The Department of Environment and Natural Resources has announced that the famed Montana shipwreck has sustained damage as a result of the recent Hurricane Humberto. Although the extent of the damage is not yet known, the ship is a favourite among local divers and snorkelers. Here are 5 facts about the Montana you probably don’t already know but should.


1. Operating as a highly successful Civil War blockade runner, the Montana was a 236-foot paddlewheel steamer. As a blockade runner, her job was to evade a naval blockade of a port or strait and transport cargo, bringing food or arms to a blockaded city. In 1863, she was caught in a North Atlantic storm and wrecked near Western Blue Cut to the north of the island. Divers love the Montana for its visible coal burning engine furnace and two large paddlewheel frames.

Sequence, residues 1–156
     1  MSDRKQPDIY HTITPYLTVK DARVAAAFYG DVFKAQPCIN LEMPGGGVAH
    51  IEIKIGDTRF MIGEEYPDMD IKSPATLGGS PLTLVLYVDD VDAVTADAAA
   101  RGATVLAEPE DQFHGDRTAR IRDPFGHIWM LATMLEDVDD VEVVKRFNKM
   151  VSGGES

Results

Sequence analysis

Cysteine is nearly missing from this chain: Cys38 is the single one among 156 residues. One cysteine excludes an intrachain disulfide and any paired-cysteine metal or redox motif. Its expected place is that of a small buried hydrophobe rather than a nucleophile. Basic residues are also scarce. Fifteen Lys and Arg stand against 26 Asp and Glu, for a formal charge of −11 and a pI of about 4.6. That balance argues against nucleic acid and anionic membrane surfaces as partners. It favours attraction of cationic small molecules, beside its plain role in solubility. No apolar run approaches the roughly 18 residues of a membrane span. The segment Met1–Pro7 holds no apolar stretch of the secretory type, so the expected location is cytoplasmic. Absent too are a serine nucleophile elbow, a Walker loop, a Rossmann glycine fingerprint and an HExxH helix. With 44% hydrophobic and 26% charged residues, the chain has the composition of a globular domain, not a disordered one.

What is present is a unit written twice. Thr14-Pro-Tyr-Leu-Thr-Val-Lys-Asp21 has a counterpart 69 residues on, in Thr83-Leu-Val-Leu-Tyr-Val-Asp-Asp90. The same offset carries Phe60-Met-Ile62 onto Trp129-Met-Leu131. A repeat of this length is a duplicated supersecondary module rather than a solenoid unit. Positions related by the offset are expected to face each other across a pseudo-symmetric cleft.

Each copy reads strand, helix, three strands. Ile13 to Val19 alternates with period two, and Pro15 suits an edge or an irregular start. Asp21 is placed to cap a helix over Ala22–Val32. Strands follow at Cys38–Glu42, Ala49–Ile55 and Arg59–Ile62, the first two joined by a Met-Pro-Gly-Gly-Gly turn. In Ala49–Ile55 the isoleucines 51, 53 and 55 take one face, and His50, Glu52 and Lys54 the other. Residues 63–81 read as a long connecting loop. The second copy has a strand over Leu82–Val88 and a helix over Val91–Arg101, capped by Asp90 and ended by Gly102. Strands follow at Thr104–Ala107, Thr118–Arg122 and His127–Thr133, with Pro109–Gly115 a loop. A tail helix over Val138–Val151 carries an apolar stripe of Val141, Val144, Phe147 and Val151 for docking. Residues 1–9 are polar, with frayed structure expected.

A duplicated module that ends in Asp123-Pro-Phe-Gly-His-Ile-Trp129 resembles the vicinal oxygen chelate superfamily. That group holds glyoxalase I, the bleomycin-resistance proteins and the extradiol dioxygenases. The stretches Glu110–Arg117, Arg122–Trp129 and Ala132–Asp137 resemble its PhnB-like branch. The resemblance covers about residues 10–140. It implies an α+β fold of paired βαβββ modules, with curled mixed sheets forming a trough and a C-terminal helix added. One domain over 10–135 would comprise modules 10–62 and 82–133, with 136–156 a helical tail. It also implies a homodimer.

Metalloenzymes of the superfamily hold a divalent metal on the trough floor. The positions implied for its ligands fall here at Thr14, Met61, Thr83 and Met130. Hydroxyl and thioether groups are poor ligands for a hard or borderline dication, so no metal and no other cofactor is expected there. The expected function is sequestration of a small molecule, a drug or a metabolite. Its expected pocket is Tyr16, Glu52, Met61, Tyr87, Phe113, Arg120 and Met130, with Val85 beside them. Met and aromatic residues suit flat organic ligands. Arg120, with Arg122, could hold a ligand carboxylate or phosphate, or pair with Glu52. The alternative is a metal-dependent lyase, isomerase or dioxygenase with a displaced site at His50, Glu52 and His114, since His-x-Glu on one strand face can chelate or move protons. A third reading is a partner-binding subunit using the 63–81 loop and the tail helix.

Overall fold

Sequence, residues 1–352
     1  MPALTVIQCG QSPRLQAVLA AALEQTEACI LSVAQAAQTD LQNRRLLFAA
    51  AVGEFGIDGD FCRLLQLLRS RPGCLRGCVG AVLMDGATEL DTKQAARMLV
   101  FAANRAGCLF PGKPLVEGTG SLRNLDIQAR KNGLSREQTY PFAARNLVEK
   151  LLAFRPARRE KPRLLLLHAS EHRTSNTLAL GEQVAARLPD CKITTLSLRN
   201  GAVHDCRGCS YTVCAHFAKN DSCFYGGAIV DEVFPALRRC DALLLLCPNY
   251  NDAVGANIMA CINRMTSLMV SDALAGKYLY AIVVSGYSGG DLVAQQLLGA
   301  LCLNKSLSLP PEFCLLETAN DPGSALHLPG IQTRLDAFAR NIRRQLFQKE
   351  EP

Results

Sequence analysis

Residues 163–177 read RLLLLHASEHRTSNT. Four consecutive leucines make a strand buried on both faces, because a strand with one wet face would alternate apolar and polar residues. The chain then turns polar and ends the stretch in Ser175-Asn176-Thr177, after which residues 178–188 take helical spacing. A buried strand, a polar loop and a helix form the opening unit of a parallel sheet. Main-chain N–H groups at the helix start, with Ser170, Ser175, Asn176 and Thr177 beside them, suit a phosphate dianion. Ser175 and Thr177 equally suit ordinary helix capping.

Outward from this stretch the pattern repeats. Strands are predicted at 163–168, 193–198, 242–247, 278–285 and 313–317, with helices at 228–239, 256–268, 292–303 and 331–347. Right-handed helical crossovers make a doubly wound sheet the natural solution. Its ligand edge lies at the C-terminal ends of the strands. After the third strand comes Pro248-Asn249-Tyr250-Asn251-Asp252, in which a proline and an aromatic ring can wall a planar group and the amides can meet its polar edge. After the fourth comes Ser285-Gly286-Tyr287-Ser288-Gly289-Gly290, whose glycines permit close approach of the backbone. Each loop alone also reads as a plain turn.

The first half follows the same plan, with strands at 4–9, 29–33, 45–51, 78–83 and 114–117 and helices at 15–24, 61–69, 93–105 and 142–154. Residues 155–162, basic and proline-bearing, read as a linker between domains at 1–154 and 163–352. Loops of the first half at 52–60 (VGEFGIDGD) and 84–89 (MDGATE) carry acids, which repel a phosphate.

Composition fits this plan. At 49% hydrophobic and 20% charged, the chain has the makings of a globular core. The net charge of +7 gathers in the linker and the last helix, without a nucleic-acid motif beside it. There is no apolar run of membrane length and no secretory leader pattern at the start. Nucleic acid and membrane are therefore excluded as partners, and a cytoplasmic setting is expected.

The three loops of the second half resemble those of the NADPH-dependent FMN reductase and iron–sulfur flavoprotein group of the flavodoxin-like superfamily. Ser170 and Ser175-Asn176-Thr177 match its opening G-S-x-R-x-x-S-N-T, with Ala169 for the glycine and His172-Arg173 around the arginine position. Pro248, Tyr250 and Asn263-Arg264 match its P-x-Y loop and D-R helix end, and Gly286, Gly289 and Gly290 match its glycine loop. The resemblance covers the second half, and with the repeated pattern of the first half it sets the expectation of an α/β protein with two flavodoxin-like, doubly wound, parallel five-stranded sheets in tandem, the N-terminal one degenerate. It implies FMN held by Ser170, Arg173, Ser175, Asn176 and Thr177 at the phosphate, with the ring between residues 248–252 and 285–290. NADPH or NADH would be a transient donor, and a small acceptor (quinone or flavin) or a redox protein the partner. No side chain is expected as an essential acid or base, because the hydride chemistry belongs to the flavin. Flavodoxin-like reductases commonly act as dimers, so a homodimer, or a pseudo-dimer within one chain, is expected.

2. The Montana was known by various different names, including Nola and Paramount. She made frequent trips to England, Bermuda. North Carolina and Glasgow.

3. On December 30, 1863, the Montana arrived in Bermuda after experiencing winter storms. Her captain felt that entering Bermuda waters from the east side would be a safer bet but he wrecked the ship near the opening of Western Blue Cut. After she ran aground, a steamboat was able to make its way out to her and rescue the crew and most of the cargo too.

4. The Montana lies under 30 feet of water in close proximity to another wreck, the Constellation. Key features of the Montana are her coal burning engine, her (hopefully) mostly intact bow, which is covered in corals and her large iron paddlewheel, similar to the one seen at the Mary Celestia wreck site.

5. Explore the wreck of the Montana by joining a dive trip with Dive Bermuda or a Snorkel Tour with Island Tour Centre. The visibility is usually superb and it’s the perfect way to learn more about Bermuda’s maritime history up-close.